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With Enemies Like These . . .

By Rita Kempley
Washington Post Staff Writer
Friday, November 20, 1998

  Movie Critic

Enemy
Will Smith stars in "Enemy of the State." (Touchstone)

Director:
Tony Scott
Cast:
Will Smith;
Gene Hackman;
Jon Voight;
Regina King;
Barry Pepper;
James LeGros;
Jason Lee;
Jason Robards;
Jamie Kennedy;
Scott Caan;
Gabriel Byrne;
Jake Busey;
Seth Green;
Loren Dean
Running Time:
2 hours, 12 minutes
R
Strong language and violence
"Enemy of the State," a kabooming, broad-shouldered political thriller from Jerry Bruckheimer, varies not a whit from the action producer's formula: Something explodes every 10 minutes, be it a bomb or somebody's temper. The result is definitely a blast, but for the most part it serves up more of the same old kerplooey.

Behind the camera, director Tony Scott is as fleet and proficient as a professional killer. The picture sports all the latest high-tech bells and whistles and sets a pace that Richard Petty would envy.

There are lulls between explosions, chases and stunts, but they're offset to a degree by the blitz of lighting effects and the dizzying montages Scott also employed in "Top Gun" and "Crimson Tide." The dazzle doesn't make up, however, for the movie's lack of depth.

Set in Washington and Baltimore, the story concerns the demise of privacy in the face of increasingly sophisticated communications technology. And like countless other post-Watergate yarns, it invokes the specter of past political conspiracies and plays on the American propensity toward paranoia.

Unfortunately, those themes have gone stale thanks in large part to TV's "X-Files." Besides, the government is so busy chasing and chewing its own tail these days that it looks too self-absorbed to monitor the ordinary Joe's phone calls and computer files. And as Reynolds, the movie's divinely diabolical villain (Jon Voight), rightly points out, "Privacy's been dead for 30 years. . . . The only privacy left is inside your head."

Will Smith, affable and sympathetic as Robert Dean, a man who knows too much, nevertheless manages to involve the audience in the hero's plight. A rising star in the Washington legal community with a wallet full of credit cards, a house in Georgetown and a loving family, Dean needs to learn a lesson.

When his wife (Regina King) expresses her concerns about legislation that would ease restrictions on surveillance, he pooh-poohs her worries. "I'm not planning to blow up any federal buildings," he says. So what's the big deal? Funny he should ask.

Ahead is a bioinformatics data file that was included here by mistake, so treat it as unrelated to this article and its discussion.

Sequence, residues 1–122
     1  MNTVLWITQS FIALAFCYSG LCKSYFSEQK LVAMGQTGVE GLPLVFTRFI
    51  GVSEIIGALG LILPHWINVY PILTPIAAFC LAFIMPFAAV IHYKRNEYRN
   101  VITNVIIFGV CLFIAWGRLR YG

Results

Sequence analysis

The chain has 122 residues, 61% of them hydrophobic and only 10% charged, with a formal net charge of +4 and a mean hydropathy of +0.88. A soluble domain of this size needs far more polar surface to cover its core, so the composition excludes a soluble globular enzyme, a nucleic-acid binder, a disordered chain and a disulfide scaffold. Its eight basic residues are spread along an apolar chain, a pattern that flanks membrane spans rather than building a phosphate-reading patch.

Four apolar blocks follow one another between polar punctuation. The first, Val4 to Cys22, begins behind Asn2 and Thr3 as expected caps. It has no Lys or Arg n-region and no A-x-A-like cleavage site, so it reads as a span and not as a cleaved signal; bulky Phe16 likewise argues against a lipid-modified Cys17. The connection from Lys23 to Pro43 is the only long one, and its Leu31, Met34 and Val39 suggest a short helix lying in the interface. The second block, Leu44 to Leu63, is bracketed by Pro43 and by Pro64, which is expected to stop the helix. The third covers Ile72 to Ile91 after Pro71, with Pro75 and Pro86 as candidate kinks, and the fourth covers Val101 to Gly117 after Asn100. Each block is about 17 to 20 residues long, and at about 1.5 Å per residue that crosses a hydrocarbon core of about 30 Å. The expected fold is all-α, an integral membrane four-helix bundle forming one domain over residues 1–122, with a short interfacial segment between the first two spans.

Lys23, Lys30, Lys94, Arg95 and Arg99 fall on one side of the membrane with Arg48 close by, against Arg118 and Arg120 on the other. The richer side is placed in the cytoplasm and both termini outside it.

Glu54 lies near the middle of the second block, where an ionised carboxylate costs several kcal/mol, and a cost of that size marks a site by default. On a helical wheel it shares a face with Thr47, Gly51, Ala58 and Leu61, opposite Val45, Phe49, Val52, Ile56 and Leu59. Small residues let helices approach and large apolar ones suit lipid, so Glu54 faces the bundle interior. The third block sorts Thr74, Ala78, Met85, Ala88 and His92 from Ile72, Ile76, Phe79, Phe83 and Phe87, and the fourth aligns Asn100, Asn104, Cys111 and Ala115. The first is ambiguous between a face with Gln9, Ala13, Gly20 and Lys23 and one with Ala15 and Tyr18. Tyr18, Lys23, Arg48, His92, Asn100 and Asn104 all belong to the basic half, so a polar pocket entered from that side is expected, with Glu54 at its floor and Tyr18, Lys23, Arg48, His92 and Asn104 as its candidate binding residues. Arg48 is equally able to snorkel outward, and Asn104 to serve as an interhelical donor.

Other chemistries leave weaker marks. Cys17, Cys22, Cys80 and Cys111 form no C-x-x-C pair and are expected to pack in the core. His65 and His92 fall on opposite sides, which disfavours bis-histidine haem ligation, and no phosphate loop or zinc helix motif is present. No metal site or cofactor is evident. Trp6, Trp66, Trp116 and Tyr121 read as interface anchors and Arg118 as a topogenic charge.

The movie begins with the death of a senator (uncredited Jason Robards), a vocal opponent of the aforementioned bill, which has gotten two really big thumbs-up from the National Security Agency. Voight, as a rogue NSA chief, believes he has committed the perfect murder until he discovers that a nature photographer (Jason Lee) videotaped the crime and slipped the tape into Smith's shopping bag.

Via the NSA's vast intelligence resources, Reynolds strips Dean of his credibility on the job, at home and with his creditors, and all of a sudden he's running for his life down Connecticut Avenue in nothing but a pilfered hotel bathrobe.

His only ally is Brill (Gene Hackman), a mysterious, bitterly funny former intelligence operative with a grudge against his old masters at NSA. Though initially reluctant to help Dean, Brill soon warms to the task of turning the tables on Reynolds and his overzealous underlings.

Though Smith proves he's got the star power to carry a film and the range to play dramatic parts, his role is not much more complicated than Eddie Murphy's in Bruckheimer's "Beverly Hills Cop." Voight's rabid spook bears a sneaking resemblance to Oliver North, and Hackman's cagey Brill is the film's best-acted, most entertaining character.

Hackman played a similar character in Francis Ford Coppola's "The Conversation," a 1974 movie that pioneered the paranoia-conspiracy genre and along with "Three Days of the Condor" clearly influenced David Marconi's slick but less than sagacious screenplay.

"Enemy of the State," of course, is not telling us anything we don't already know, nor does it offer any solutions for the great dilemmas of the information age. Perhaps that's why it left the last word on the subject to the inescapable cameo kid, Larry King. Who better to wag a finger at invasiveness than a talk show host?

   
© Copyright 1998 The Washington Post Company

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